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A Guide For Designing For Older Adults

One billion people aged 60+ live today, and it’s growing faster than any other age group. Here are some key points to consider to design experiences that are more accessible and inclusive for older adults.

Avoid Wrong Assumptions #

  • Don’t assume that older adults struggle to use digital.
  • You don’t need to strip the design to bare minimum.
  • Avoid general stereotypes and assumptions about elderly people.
  • Most users are healthy, active and have a solid income.
An example with large options that are more accessible for everyone

How To Write Better Microcopy For Older Adults highlights practical examples of designing interfaces with older adults in mind.

Things To Keep In Mind #

  • Older adults often read and analyze every word (Stroop effect).
  • Shades of blue/purple and yellow/green are difficult to distinguish.
  • Visuals with a similar contrast are harder to tell apart.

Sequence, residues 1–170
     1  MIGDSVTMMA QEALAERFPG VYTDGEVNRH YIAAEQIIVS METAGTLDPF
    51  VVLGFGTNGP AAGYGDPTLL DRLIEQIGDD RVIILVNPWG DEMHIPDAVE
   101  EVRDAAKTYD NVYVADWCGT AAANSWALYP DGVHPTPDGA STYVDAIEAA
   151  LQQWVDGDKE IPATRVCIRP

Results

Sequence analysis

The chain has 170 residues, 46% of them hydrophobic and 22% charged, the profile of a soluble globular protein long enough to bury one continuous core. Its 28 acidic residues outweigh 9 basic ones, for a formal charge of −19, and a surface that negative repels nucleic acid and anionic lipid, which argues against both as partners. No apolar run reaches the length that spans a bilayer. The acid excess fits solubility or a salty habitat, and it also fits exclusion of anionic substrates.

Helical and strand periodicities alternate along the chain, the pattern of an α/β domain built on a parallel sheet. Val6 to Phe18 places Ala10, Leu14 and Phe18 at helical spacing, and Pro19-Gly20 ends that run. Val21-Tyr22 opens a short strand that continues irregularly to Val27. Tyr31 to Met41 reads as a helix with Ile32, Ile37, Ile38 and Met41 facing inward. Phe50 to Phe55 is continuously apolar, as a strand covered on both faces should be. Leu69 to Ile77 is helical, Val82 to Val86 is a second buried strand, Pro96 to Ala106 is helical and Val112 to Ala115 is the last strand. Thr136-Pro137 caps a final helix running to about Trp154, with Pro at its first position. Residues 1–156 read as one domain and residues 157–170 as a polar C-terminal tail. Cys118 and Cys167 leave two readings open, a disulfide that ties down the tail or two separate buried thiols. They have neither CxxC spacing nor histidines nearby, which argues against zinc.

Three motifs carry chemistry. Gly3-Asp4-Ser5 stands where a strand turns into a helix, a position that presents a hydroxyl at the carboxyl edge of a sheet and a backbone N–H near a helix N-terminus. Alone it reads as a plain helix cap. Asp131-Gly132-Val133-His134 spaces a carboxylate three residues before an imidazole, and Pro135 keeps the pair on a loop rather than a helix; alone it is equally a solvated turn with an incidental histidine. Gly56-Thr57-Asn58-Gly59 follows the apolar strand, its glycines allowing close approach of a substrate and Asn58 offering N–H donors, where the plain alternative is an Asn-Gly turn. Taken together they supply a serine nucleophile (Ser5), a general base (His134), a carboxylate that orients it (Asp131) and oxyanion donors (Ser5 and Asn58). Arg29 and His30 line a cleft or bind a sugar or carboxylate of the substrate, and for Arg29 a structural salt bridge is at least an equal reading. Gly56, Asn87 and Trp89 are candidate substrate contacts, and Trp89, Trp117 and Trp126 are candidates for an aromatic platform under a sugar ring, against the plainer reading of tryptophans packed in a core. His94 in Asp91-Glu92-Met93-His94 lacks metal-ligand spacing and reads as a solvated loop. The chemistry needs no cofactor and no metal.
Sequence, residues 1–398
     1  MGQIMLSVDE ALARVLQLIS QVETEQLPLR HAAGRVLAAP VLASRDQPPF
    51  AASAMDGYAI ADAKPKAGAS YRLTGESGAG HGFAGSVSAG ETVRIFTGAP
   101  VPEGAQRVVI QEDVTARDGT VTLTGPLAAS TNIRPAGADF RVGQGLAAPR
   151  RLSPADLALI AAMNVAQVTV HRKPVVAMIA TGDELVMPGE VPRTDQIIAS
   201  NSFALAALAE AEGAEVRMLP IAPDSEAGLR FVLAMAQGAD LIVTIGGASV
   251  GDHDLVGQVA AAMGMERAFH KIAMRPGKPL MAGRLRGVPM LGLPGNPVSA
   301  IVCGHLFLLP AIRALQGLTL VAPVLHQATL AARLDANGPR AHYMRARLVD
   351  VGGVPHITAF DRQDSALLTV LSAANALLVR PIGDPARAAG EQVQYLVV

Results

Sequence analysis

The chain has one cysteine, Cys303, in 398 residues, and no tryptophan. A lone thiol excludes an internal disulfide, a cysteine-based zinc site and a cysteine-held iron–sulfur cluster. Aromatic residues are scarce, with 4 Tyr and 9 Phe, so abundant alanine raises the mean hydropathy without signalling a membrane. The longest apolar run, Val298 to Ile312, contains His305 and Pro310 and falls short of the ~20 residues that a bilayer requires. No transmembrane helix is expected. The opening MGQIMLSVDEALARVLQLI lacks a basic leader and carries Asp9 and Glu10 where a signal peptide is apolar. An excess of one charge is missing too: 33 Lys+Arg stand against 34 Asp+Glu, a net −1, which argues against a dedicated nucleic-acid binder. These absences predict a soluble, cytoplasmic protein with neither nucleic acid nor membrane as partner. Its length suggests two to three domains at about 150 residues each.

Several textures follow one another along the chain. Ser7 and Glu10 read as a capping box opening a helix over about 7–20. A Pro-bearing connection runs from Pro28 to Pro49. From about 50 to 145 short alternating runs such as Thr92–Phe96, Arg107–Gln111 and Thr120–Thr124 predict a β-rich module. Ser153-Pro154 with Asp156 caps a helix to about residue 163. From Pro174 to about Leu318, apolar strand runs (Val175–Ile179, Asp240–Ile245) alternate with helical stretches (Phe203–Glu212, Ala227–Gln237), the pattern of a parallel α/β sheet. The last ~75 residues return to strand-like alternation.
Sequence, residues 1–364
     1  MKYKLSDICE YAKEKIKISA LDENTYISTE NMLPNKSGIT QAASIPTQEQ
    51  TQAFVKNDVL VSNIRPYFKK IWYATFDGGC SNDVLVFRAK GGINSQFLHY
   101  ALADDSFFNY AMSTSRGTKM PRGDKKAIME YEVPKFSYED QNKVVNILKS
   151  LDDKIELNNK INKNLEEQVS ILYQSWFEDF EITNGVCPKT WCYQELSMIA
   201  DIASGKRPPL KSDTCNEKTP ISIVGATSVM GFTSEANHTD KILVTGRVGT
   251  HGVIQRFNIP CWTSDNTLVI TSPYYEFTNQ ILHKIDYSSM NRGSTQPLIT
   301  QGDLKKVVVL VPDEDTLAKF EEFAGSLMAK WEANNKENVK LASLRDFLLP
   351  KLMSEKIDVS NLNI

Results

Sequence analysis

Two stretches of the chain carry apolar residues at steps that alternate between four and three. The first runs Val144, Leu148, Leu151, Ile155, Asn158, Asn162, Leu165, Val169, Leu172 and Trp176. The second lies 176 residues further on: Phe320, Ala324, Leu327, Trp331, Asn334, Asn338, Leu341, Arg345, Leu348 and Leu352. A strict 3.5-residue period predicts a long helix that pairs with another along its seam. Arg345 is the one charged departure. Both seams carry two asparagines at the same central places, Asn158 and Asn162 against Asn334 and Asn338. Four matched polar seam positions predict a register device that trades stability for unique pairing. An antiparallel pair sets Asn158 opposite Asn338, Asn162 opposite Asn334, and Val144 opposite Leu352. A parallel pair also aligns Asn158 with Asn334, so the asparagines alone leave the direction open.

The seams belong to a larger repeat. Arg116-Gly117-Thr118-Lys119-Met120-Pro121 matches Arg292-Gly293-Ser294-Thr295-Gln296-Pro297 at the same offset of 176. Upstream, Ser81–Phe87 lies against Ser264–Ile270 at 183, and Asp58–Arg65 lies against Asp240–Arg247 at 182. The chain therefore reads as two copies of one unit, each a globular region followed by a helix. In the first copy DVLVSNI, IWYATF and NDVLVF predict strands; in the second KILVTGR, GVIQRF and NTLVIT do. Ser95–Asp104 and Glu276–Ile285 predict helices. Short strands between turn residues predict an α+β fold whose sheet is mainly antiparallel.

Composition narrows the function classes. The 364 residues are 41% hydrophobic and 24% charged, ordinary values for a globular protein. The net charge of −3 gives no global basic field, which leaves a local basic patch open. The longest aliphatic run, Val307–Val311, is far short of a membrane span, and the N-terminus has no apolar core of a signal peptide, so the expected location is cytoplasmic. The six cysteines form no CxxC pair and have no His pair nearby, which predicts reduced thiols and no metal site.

• Often struggle with precise movements and text input.
  • Users are more likely to perform actions they didn’t mean to.
  • They take more time and need more control over the process.
  • They often view error messages as a personal failure.

Things To Avoid #

  • Avoid disappearing messages: let users close them.
  • Avoid accessibility overlays; they are often inaccessible.
  • Avoid long, fine drag gestures and precision.
  • Avoid floating labels and use static field labels.
  • Don’t rely on icons alone: add descriptive labels.
  • Ask for explicit confirmation for destructive actions.
  • Add a "Back" link in addition to browser’s “Back” button.
  • In forms, present one question or one topic per screen.

Useful Resources #

Wrapping Up #

We should be careful not to make our design decisions based on assumptions that are often not true at all. We don’t need a “barebones” version for older users. We need a reliable, inclusive product that helps people of all groups feel independent and competent.

Bring older adults in your design process to find out what their specific needs are. It’s not just better for that specific target audience — good accessibility is better for everyone. And huge kudos to wonderful people contributing to a topic that is often forgotten and overlooked.

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